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This article is an open access article distributed under the terms and conditions of the Creative Commons Attribution license (http://creativecommons.org/licenses/by/3.0/).

In this study, a three-dimensional continuum percolation model was developed based on a Monte Carlo simulation approach to investigate the percolation behavior of an electrically insulating matrix reinforced with conductive nano-platelet fillers. The conductivity behavior of composites rendered conductive by randomly dispersed conductive platelets was modeled by developing a three-dimensional finite element resistor network. Parameters related to the percolation threshold and a power-low describing the conductivity behavior were determined. The piezoresistivity behavior of conductive composites was studied employing a reoriented resistor network emulating a conductive composite subjected to mechanical strain. The effects of the governing parameters,

The development of nano-scale electrically conductive fillers and associated low cost fabrication methods has stimulated considerable interest in employing such particles to render otherwise insulating polymers conductive. Conductive nano-fillers, such as graphene platelets and exfoliated graphite, were found to impart significant conductivity and piezoresistivity behavior to polymers, which makes such material systems an excellent choice for electrical applications, such as strain sensors. Nano-platelet based conductive polymers have been the subject of a number of experimental studies [

Yi and Tawerghi [

The limited quantity of published works related to the modeling of platelet based conductive polymers, and limitations associated with the employed techniques motivated the present authors to conceive an alternative approach for modeling the electrical behavior of polymers filled with conductive nano-platelet fillers. Published research on the electrical properties of nano-platelet based nanocomposites has further been limited to studying the electrical conductivity of polymers with exfoliated sheets with in-plane dimensions varying from a few to several hundred micrometer and thicknesses ranging from a few to several nanometers. To achieve further enhancements in composite properties the synthesis of submicron size single layer graphene sheets may be an attractive proposition, and information on the percolation and electrical behavior of such reinforced polymers is therefore desirable. The latter aspects are also addressed in the present contribution.

A 3D Monte Carlo model was developed to study the percolation, conductivity and piezoresistive behavior of composites filled with randomly dispersed impenetrable conductive nano-disks. In the present study a Monte Carlo model was first developed to form a representative volume element filled with randomly dispersed nano-platelet conductive inclusions. In a second stage a 3D finite element based resistors network model was used to analyze the conductivity behavior of nano-platelet based conductive polymers. Previous studies have shown that conductivity of such polymers for volume fractions greater than the percolation threshold can be described by a power-low expression [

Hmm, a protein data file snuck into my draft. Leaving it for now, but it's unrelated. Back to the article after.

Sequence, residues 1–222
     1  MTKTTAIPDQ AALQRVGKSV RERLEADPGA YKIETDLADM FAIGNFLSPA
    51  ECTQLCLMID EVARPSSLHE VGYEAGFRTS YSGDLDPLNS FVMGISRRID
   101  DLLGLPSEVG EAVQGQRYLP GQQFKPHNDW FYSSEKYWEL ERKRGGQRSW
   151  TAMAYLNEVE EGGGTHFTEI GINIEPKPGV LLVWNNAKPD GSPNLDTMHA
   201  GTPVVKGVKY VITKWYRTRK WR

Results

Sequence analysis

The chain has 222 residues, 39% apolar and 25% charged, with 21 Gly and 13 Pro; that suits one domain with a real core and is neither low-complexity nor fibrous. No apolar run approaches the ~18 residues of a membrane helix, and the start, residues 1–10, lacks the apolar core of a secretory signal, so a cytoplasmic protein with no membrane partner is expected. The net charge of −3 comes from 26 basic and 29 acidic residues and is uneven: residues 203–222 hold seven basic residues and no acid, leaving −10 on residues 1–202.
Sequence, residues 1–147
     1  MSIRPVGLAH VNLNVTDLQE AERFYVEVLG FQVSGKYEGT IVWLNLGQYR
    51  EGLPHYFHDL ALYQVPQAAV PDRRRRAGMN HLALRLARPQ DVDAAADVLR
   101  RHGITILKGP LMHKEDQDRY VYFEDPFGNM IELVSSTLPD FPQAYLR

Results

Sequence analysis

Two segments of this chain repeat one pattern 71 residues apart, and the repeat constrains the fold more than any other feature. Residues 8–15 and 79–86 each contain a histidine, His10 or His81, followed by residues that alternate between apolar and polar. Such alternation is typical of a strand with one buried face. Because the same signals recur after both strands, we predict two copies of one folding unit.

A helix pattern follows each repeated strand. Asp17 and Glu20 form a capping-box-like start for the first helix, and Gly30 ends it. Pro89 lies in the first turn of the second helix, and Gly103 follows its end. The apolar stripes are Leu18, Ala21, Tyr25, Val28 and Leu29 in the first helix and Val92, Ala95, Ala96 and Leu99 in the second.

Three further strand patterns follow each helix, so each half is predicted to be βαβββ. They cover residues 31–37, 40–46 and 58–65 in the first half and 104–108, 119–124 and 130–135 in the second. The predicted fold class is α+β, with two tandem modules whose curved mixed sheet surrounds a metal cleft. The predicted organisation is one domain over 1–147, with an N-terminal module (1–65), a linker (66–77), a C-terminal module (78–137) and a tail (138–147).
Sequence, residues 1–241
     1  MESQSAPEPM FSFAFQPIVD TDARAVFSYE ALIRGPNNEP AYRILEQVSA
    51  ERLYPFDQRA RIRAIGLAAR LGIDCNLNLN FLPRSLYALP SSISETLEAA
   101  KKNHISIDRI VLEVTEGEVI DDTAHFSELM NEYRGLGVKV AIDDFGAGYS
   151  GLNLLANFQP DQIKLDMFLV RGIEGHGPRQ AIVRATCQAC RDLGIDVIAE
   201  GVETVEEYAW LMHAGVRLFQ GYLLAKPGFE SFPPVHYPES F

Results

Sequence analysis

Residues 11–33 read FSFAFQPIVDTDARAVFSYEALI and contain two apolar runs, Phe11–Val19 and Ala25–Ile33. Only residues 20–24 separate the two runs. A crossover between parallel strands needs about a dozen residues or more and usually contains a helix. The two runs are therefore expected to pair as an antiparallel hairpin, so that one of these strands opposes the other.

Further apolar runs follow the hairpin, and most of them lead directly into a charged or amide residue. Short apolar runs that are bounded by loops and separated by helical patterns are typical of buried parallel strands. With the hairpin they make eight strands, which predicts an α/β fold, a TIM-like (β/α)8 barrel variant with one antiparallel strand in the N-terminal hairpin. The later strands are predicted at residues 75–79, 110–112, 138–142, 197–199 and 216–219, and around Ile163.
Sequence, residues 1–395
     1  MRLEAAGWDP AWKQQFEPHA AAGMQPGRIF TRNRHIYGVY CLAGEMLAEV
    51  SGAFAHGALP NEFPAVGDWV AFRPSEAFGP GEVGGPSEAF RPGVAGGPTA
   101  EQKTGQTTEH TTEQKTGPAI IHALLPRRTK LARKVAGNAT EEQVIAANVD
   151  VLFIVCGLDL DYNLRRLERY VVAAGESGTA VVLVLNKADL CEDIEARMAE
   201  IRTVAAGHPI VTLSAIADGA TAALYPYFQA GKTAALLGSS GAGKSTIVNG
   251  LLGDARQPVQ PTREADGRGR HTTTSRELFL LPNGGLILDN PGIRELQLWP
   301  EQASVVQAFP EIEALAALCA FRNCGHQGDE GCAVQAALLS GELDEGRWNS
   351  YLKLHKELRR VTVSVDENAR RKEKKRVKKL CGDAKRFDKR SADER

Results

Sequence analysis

where _{p} is the percolation threshold,

The developed 3D continuum Monte Carlo model is based on conductive inclusions that are randomly dispersed inside a cubic representative volume element (RVE) with side length _{c},_{c},_{c}) were generated between (0,_{1}_{2}

where _{i}_{i}_{i}

Electrical connection between two conductive inclusions arises from two different mechanisms,

where

The volume fraction of the conductive particles at the onset of the percolation network is called percolation threshold. This concept is illustrated by the schematic shown in

Subjecting a polymer with conductive inclusions to mechanical strain, as shown in

The computational code for the Monte Carlo simulation was developed in the FORTRAN language to numerically investigate the 3D continuum percolation problem of conductive nano-disks. Considering the high computational cost of the Monte Carlo simulation, multiple processor computation was employed to allow for rapid code execution on a Linux cluster.

The developed model was evaluated numerically considering a polymer matrix such as epoxy containing conductive nano-disk filler comprised of graphene platelets. Hence a constant nano-disk thickness of 0.34 nm was assumed, which is equal to the thickness of a single graphene layer [_{t}_{t}

As discussed earlier, a cut-off distance can be assumed at which the effect of tunneling resistors with length greater than this distance is negligible. The conductivity of nanocomposites was evaluated for different values of electron tunneling distance. Considering the results shown in

It was stated previously that the polymer matrix chiefly affects the electrical resistivity of a nano-composite, especially for lower filler volume fractions. As such, the contribution of matrix electrical properties,